You may choose a collaborative delivery approach because your organization lacks the internal resources to implement a large program or inaugural initiative with in-house resources. Program management and progressive design-build may appeal because of the flexibility to allow you to have as much or as little involvement in decision-making as time and resources allow.

The additional time you spend on the front end of a project will almost certainly save you time and a headache on the back end. Other lessons learned can help further streamline future efforts.

The Bottom Line

For tangible results on these projects, an open mind and an open door to your project delivery consultant are key. An experienced consultant can successfully guide you through the process, tailoring it to your culture, educating staff and instilling confidence in the approach along the way.

Case Studies

30 Crossing: Arkansas’ First Transportation Design-Build Project

Challenge: To accelerate construction of improvements and expand capacity along a 3-mile stretch of Interstate 30 through Little Rock, the Arkansas Department of Transportation (ARDOT) broke with tradition and chose a design-build approach for the first time. The 30 Crossing project, which includes replacing a functionally obsolete bridge over the Arkansas River with two bridges supporting six lanes of through traffic and four collector-distributor lanes, is also the capstone project of the one of the largest highway improvement programs ever undertaken by ARDOT.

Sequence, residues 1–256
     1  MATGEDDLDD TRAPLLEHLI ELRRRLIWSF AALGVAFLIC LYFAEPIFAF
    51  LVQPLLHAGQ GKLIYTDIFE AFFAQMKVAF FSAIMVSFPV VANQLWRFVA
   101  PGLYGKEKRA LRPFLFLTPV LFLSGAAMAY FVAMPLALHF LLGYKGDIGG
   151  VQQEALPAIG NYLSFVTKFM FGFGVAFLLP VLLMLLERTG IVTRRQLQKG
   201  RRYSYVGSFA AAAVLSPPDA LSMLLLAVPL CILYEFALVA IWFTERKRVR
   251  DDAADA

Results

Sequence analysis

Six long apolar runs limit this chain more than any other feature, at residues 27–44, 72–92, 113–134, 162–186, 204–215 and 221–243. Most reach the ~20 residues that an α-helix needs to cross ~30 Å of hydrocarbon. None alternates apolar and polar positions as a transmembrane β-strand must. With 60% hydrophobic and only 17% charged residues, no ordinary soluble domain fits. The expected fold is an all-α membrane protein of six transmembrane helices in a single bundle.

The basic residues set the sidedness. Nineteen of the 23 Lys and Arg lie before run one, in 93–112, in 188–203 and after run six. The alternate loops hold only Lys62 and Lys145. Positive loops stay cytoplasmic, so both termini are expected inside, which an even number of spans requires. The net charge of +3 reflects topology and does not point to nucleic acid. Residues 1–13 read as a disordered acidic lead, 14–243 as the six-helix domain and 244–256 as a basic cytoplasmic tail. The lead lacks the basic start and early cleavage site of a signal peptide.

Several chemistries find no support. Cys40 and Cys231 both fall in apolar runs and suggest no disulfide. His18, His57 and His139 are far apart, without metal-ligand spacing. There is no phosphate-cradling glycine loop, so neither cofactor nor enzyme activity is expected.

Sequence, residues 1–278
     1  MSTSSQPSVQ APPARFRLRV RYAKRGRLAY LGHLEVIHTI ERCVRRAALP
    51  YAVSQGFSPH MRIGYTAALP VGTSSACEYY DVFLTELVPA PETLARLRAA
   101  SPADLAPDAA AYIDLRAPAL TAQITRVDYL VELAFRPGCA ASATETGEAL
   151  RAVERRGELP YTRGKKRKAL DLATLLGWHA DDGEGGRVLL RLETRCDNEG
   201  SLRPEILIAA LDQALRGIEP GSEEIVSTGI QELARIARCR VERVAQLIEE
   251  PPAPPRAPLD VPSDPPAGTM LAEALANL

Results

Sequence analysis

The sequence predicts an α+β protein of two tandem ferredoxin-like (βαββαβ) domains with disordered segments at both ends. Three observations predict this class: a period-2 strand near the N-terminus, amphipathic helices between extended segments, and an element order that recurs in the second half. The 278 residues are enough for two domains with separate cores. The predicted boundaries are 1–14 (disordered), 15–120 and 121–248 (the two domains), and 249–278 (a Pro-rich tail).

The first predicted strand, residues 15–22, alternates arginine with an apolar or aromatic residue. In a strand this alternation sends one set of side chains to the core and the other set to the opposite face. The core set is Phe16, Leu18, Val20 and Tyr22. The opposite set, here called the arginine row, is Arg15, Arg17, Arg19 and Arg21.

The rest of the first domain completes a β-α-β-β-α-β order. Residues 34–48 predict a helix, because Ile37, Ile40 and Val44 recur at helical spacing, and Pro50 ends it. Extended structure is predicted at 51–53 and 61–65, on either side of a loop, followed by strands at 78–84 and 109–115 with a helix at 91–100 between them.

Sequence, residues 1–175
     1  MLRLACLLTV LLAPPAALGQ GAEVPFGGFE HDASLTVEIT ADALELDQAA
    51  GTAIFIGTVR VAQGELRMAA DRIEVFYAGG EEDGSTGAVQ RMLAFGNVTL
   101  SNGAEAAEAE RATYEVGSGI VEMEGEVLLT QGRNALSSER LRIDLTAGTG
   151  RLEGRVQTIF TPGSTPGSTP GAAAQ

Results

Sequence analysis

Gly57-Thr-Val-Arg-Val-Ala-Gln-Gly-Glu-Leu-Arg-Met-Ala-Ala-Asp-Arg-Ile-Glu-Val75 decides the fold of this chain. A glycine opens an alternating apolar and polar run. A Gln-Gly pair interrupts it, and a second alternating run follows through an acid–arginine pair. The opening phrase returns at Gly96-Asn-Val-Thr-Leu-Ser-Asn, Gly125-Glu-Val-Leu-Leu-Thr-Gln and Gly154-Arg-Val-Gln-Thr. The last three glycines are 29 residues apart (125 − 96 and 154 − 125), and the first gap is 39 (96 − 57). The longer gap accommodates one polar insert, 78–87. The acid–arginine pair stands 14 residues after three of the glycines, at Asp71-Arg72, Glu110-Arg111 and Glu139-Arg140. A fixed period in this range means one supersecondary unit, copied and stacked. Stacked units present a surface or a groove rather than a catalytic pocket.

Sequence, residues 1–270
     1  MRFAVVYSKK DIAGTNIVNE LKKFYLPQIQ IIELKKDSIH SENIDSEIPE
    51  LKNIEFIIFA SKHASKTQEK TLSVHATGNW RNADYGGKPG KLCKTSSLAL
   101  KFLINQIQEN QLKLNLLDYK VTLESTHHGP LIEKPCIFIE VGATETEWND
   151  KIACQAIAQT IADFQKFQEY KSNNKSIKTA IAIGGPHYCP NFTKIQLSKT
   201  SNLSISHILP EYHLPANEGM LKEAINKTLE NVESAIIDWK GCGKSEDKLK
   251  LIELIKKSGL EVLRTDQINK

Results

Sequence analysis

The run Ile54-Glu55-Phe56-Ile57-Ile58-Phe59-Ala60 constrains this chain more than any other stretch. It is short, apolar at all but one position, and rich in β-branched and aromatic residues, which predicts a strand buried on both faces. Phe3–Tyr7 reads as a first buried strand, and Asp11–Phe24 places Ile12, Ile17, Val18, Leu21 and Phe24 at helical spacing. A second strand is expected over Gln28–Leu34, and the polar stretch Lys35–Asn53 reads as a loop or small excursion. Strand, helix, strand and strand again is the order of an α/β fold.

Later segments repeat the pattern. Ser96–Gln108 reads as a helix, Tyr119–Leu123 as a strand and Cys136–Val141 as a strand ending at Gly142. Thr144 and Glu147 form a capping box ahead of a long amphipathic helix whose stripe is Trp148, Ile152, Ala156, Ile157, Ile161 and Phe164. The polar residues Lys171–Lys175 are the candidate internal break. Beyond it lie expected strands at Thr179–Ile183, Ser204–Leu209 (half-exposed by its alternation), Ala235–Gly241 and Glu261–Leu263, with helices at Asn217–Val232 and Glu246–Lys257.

Solution: To define the project’s technical requirements and set expectations, ARDOT added a six-month O&R period to the design-build process. During this period, the design-build team of Kiewit-Massman Construction and lead designer Burns & McDonnell worked with ARDOT to define priorities and evaluate trade-offs to establish the 30 Crossing project scope that provided the maximum public benefit with existing available funding. The result is an initial focus on projects that improve the condition and operation of existing, high-traffic roadways. The remaining scope will be delivered under future projects as funding becomes available.

Results: After receiving the notice to proceed in early 2020, the team began design of the O&R-defined project scope. By summer 2020, construction was underway with the initial phase scheduled for completion in 2024. By directing initial funds to system preservation, ARDOT can minimize the future cost of maintaining or replacing failing highways and bridges while planning future capacity and safety improvements.

Kansas Turnpike Authority: Progressive Design-Build To Increase Vertical Clearances